Trying to get a read on Rush effect

September 01, 1998|By Susan Reimer

RUSH LIMBAUGH read one of my columns over the air on Friday. But he didn't rip me or ridicule me or call me a dope-smoking commie lib wacko, and I am still trying to work through my feelings about this.

In the column he liked so much, I wrote that, like the children around me who see the world as black or white and do not compromise, I have decided to end my pining for what might have been with this president from my generation and move on.

Limbaugh read it almost in its entirety as evidence that women are finally waking up to the unsavory character of this president. But aside from wondering out loud what took me so long, he did not hold me up to his usual vitriolic, bombastic scorn.

Is that, like, a good thing or a bad thing?

Do I find ways to bring it up in casual conversation with people I want to impress, or do I stop taking phone calls until this blows over?

I am not sure how to respond to non-censure from this harmless little fuzzball (his words, not mine). This is like having the fat-boy sociopath in school tell you that you are not only beautiful, but brilliant and a world apart from all the prep queens who torture him.

All true, of course. But you'd rather hear it from the captain of the football team.

All of a sudden I have credibility with people who have no credibility with me -- like my brother-in-law, who is politically to the right of the pope.

"You've made it," he said triumphantly. "You've finally made it."

How do you mean that, I ask?

Do I have to respect my brother-in-law now? Is that the unspoken quid pro quo of Rush Limbaugh's absence-of-disapproval approval?

But before I address this issue with the people I don't like and don't admire, I have to figure out what to say to the people I like and admire -- the soft-headed, soft-hearted promoters of touchy-feely domestic issues who are my women friends. I guess I will know their verdict if my car pools dry up.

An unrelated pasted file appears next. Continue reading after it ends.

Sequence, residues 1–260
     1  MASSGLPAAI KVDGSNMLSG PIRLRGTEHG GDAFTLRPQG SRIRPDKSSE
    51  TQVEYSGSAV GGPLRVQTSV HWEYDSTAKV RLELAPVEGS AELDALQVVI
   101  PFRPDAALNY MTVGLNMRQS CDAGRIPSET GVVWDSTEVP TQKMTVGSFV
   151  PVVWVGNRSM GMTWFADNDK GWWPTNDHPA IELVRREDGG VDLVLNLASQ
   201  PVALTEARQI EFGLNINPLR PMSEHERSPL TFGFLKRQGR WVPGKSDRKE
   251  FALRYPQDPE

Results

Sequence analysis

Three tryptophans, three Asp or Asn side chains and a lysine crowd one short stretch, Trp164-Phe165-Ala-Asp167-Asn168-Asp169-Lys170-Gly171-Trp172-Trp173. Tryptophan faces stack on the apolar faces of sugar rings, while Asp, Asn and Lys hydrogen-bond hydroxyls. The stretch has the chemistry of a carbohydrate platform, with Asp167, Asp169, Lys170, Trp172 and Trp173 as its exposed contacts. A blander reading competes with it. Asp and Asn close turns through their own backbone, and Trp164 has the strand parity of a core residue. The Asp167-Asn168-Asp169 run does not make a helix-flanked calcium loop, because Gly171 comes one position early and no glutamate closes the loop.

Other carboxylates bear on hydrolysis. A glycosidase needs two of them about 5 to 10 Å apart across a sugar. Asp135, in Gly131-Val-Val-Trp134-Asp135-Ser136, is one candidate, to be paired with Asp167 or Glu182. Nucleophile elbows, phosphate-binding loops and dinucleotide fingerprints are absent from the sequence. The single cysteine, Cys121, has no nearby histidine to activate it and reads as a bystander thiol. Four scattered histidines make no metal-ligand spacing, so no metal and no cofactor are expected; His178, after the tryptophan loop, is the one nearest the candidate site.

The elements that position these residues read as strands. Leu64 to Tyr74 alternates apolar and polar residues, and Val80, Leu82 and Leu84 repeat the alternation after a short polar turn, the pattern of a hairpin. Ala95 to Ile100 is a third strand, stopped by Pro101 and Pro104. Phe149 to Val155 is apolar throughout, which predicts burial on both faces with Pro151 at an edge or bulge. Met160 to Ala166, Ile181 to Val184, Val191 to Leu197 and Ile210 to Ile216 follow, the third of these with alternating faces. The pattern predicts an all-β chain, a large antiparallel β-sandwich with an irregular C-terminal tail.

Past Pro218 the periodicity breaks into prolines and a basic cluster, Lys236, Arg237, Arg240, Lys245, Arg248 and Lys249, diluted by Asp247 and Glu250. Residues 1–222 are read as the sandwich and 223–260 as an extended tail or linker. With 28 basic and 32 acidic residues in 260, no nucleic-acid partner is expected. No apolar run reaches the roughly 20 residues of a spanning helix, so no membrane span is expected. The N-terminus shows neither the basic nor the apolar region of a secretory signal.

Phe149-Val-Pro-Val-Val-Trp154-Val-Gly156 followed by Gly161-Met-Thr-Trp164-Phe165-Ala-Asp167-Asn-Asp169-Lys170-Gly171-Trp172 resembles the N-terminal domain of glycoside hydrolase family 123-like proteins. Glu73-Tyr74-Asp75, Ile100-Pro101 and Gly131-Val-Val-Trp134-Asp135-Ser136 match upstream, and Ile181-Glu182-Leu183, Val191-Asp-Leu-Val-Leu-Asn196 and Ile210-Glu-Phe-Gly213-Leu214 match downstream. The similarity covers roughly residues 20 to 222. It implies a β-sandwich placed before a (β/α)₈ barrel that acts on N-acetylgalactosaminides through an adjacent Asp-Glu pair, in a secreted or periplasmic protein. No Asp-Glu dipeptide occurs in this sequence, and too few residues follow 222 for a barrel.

When I jumped into this columnist game, one of the first things I learned, though the lesson had to be repeated several times, was to develop a hard shell toward criticism: "I don't care what you say about me, just mention my name." Fame would have to be its own balm.

So, my feelings would not have been hurt if Limbaugh had spent three hours on the air calling me a "feminazi" with the maternal instincts of an alley cat.

That he did not do this left me confused. But now that I have had time to think about it, I've decided that I may have rushed to judgment on Rush.

I now believe the man is a thoughtful commentator on the day's news, one so widely read that he is able to bring many differing points of view to the attention of listeners all over the nation, including those who might give me an enormous book deal or hire me to write a screenplay.

I know some of you are thinking that Clinton's lies have driven me into the arms of the only human being who might be more reprehensible than he, but I ask you to withhold judgment and FTC join me in thinking this through:

The man is heard on more than 600 radio stations, OK? You can't buy that kind of publicity. They call his listeners "dittoheads," OK? So suddenly, I have millions of new fans who have never entertained an original thought. You can't buy that kind of devotion.

So hold your angry phone calls to me. I am trying to keep the phone lines open.

I'm hoping Howard Stern might call.

Pub Date: 9/01/98

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